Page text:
In my first column, I talked about the myths of money and why, along with “it’s crass” and “it’s too complicated,” many people feel that “talking about money is impolite.”
It isn’t. Especially if you are one of the 77 million “baby boomers” born between 1946 and 1964 turning age 65 and beginning to retire in 2011. With a reported 44 percent saying in a recent Associated Press poll that they have little faith they’ll have enough money when their careers end, this could be one of the most important conversations you’ll ever have with yourself.
Understanding your emotions and channeling them to maximize your assets is an attainable goal. And once you understand the nature of your goals, achieving them is much easier. I like to begin this conversation with clients by asking some questions:
What are you passionate about? What are your dreams? Where do you want to be in five years? In ten years? What does that look like? What will it take to get there?
Coming up with the answers to these questions may be more difficult than you think, depending on your background and how you’re wired. When contemplating retirement, most people have not visualized what they will do when the day comes that they are no longer generating a paycheck. If they do have a concept, it’s often an idea ingrained in their minds since childhood. Some have a specific retirement date or activity in mind, usually based on their parents’ experience. “My Dad retired at age 62 so I’d like to do the same thing.” Others respond by saying, “I love what I do. I can’t imagine not working. I’d be bored.” Yet another response is, “I’ll retire when I can afford it!”
It’s shocking to hear people who dismiss this conversation because “my husband/wife takes care of the money.” It’s your responsibility to participate in the conversation with your spouse, not delegate it or defer it to some other time. Start paying attention. Life happens.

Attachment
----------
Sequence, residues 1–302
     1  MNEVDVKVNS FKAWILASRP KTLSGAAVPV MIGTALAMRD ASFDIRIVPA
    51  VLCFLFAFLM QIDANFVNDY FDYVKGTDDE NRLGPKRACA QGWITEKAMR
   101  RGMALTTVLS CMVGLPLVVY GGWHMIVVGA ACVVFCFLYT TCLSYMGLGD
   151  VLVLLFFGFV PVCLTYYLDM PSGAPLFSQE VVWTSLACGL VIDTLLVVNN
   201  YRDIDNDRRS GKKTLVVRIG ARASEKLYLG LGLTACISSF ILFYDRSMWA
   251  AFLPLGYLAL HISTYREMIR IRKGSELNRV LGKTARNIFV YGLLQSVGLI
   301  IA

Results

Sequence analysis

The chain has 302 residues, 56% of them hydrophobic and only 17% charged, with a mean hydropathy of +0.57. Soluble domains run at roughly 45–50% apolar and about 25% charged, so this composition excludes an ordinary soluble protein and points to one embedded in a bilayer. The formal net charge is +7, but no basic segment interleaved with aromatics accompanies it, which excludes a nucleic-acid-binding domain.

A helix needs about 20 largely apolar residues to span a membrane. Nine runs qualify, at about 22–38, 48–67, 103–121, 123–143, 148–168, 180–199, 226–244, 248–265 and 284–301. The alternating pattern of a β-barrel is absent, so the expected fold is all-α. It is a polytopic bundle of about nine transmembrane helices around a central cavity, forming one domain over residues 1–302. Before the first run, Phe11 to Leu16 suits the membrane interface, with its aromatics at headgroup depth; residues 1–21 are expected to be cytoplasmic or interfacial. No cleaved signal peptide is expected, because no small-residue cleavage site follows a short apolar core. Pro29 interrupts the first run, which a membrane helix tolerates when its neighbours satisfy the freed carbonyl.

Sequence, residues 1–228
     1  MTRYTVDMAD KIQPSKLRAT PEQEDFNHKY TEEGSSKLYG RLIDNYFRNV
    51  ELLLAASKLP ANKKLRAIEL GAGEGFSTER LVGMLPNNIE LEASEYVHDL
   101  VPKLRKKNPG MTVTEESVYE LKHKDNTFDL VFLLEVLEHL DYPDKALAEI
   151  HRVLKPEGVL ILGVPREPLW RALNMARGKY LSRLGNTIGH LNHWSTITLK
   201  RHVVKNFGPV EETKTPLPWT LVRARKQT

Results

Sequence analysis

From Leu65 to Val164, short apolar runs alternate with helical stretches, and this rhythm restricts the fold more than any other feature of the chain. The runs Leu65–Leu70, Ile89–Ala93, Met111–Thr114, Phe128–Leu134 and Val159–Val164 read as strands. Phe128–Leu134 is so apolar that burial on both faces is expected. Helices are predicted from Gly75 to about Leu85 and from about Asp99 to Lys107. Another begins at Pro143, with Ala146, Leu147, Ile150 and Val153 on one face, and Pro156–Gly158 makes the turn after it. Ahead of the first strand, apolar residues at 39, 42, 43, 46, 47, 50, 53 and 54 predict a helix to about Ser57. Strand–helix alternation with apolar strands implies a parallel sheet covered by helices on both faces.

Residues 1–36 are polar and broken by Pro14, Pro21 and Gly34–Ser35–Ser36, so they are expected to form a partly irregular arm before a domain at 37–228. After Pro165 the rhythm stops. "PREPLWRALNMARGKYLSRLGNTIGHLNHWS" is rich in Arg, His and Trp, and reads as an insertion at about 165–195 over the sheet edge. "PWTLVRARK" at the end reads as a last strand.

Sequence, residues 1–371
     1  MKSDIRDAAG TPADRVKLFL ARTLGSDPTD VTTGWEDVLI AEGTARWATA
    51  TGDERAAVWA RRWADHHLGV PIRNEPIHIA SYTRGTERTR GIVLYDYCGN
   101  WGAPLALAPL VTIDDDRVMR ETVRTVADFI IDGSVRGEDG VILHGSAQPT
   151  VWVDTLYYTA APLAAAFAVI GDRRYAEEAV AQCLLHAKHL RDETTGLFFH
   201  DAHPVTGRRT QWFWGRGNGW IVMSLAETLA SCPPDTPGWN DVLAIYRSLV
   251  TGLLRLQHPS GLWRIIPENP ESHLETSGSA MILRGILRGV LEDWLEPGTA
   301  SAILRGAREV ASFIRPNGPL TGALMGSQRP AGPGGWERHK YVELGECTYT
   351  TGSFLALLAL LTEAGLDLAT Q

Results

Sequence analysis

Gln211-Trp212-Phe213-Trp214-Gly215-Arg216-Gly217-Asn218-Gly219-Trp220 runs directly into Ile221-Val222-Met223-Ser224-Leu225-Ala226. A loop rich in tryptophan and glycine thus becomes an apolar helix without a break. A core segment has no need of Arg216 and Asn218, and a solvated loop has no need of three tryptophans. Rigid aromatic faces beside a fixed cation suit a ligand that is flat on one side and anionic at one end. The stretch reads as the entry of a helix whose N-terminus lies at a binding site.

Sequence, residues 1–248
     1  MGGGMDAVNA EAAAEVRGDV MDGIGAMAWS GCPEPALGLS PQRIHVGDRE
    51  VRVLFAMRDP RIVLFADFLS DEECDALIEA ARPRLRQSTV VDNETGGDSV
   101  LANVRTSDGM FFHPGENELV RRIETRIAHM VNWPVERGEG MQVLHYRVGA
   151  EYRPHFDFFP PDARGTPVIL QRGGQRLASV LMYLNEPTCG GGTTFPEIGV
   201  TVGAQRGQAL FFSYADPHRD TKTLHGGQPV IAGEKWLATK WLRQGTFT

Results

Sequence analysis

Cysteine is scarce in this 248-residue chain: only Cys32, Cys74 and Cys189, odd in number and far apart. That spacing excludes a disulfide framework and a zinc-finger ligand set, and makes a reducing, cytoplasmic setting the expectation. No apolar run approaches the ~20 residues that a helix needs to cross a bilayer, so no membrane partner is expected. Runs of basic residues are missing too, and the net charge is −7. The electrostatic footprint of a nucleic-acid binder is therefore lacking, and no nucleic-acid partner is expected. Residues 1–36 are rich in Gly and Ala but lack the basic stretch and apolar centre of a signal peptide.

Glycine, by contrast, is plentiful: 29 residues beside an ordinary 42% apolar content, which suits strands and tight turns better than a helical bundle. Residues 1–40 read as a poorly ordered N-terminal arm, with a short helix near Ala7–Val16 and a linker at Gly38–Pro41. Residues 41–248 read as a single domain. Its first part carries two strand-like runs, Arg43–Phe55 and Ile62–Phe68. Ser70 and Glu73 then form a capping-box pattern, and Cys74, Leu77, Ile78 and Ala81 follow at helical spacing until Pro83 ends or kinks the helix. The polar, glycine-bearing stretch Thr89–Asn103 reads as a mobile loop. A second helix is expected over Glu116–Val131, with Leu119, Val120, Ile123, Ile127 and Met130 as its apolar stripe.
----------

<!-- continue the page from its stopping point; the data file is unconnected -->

Retiring on your own terms so you can potentially have the financial freedom to live your dreams with enough money left to provide independence to pursue your passion, whether it’s gardening, golf, travel or volunteer work, is one reason to begin today to set your financial goals. Life is like a puzzle, and financial matters are many of the pieces we need to fit into the picture of our lives.
With advances in healthcare and medicine, we are likely to be living longer. The life expectancy for both women and men is increasing, and this trend is not likely to change. If we are living longer, we will need more money to survive. This is another important reason for starting the financial planning process now.
Like the beginning of a long road trip, it helps to have a road map with a destination in sight. You need to know where you’re going in order to get there. If you wait until retirement to do your planning and implementation, you’ve missed an opportunity to take advantage of compound investing – what Albert Einstein referred to as “the eighth wonder of the world.” The more time you have to potentially build your wealth, the more likely it will be there waiting for you when you need it.
As the Chinese philosopher Lao Tzu said, “The journey of a thousand miles begins with a single step.” You need to get started. Doing nothing won’t get you to your destination. Even if you’re not rich, you want to start thinking and acting like you are. Paying attention to your wealth is the best way to help you get there.
I welcome your comments. Just send me an email at Amy.V.Smith@RaymondJames.com. All names and identifying information will be kept strictly confidential unless written permission is given for their use.
Amy V. Smith Wealth Management, LLC, is an independent firm. Amy is a Certified Financial Planner (CFP) and Certified Investment Management Analyst (CIMA) and offers securities through Raymond James Financial Services, Inc., member FINRA/SIPC. Her office is located at
161 Fort Evans Road, NE, Ste. 345, Leesburg, VA 20176.
The opinions and recommendations here are those of the columnist.